"Daddy?" he called, sounding distant.

I froze, looking about madly. I heard the voice again, this time a little more distantly.

"Daddy?"

I'm not sure how I knew but this time I realized it was coming from somewhere deep in the toy store. I ran forward and grasped the gate, jerking up, down and side to side. It would not budge.

"Daddy?" even more faintly, like he was slowly walking away down a long tunnel.

"Seth!" I yelled as I redoubled my efforts to open the gate. I listened as I struggled but did not hear him again.

I summoned up all my strength and pushed as hard as I could while letting out one last desperate yell.

"Seth!"

With a deafening roar the gate gave way, bringing the ceiling down on top of me. I continued to wildly call Seth's name as debris rained down on my head. I was startled to feel someone take my face in her hands and kiss me on the cheek.

"Thomas, you're dreaming again ... wake up."

It was Ann, and when I opened my eyes I was lying in my bed in a damp ring of sweat. As reality started to flood back over me, I turned red with embarrassment.

"Again?" I asked, sheepish.

"Yes, you were calling out for Seth again. He's all right, he's safe."

I smiled faintly and looked at my wife. Her heart-wrenching expression of sadness from my dream thankfully was not present, but her wrinkled brow clearly relayed her worry. I squeezed her hand and kissed her on the cheek.

"Okay," I said swinging my legs over the side of the bed. "I just need a drink of water."

That was not a lie. I was thirsty, but my primary intention was to check on my sleeping son. I walked across the upstairs landing to Seth's bedroom, which was directly across from ours. I gingerly opened the door and looked inside. The faint glow of the street light outside was just enough to reveal that he was sleeping peacefully; a ring of Star Wars action figures on his bedside table stood guard like miniature sentinels.

My first impulse, like every other time I have had this nightmare, was to enter the room and give him a kiss. But that was selfish, because I wasn't giving him comfort; I was giving it to myself. I had woken him up accidentally the first couple of times, and that never went well. He was like me; once he had been awakened, he had a hard time getting back to sleep.

I gently closed the door and carefully walked down the stairs to the kitchen. After filling a glass with ice water in the refrigerator door dispenser I sat down at the table and stared absently out the window. I couldn't help but consider the same thought that I have had so many times before.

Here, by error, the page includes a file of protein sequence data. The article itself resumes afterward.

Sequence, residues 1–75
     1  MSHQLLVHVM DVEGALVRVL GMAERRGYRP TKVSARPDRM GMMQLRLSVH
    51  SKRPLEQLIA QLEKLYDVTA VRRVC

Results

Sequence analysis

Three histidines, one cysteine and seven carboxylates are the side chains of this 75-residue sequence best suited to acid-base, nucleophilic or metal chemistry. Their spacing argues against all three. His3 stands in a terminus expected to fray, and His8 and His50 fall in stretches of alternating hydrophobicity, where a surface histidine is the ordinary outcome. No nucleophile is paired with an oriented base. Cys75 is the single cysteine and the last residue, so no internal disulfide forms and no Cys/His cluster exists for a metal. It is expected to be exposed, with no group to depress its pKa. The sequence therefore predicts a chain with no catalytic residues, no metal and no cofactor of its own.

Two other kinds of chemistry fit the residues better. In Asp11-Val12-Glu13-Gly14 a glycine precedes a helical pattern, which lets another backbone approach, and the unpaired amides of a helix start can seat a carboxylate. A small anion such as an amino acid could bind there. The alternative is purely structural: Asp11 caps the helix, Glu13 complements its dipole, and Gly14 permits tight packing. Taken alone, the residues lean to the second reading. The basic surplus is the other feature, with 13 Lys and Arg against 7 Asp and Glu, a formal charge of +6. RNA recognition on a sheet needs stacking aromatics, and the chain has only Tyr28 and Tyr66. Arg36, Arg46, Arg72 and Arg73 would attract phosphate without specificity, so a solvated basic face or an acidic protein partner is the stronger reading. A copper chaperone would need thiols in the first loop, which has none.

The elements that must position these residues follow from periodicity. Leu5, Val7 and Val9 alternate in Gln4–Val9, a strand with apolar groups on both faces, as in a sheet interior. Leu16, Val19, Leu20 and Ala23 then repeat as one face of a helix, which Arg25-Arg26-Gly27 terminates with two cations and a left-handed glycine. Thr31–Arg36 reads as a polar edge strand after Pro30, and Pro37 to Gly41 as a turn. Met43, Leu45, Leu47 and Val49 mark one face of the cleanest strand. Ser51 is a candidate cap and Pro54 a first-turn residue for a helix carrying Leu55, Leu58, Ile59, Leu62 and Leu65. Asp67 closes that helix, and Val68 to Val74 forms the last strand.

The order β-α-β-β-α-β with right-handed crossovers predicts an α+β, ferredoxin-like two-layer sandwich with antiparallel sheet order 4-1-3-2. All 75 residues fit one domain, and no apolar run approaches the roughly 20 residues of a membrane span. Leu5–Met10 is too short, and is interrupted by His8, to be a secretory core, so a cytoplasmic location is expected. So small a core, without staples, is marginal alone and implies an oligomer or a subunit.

Can dreams be prophetic?

I didn't think so. I am not a superstitious man and would have to classify myself as casually religious. I know that Joseph in the Old Testament interpreted dreams for Pharaoh, but I am no Joseph. I have no clue what the nightmare means or could mean, or if it even means anything at all. I just know that it scares the hell out of me. The one comforting thought I have is that I have had nightmares all my life in some form or fashion, but none of them have ever come to pass ... thank God. I had quite an imagination as a child. Some might have even called me a bit twisted.

Whether I believed it to be a divination or not, no matter how hard I tried to bury it, the thought was still there in the back of my brain fighting for attention. I looked at the clock; it was 4:15 A.M. There was no point in going back to bed, it would take me an hour to go back to sleep and I get up at six anyway. I went back upstairs and got in the shower. I was taking Seth to school and picking him up today. I decided that once I was showered and dressed, I would make him a special breakfast of scrambled eggs and Chocolate Berry cereal, his favorite breakfast combo.

I splashed hot water on my face and stepped under the showerhead, ready to wash the monsters away. It felt good and soothing, and after a few moments I was able to relax and direct my thoughts to my plans for the coming day for a while. Shortly, my thoughts drifted back to my dream. I guess it was unavoidable but I tried to put a positive spin on it.

As the steamy water washed over my head and back, I smiled at the memory of a song my granny used to sing to me as a child when I had bad dreams.

Take a good shower every day and keep the monsters away
Eat your veggies and do what's right, and you will have no bad dreams at night
Mind your parents and teachers, too, and sleep will be peaceful for you


I considered the comforting words this might have to a child. All you have to do is eat right, do right, and mind your elders to ensure no monsters and peaceful sleep. What could be simpler? I considered teaching this song to Seth, but not now. He usually sleeps carefree, like a rock, but I would keep it in my mental "comforting dad queue" if needed someday. I was the one that needed comfort now. I also decided I would have the stranger danger talk with him again. The more he considered this, the safer he would be. I started to feel a little better.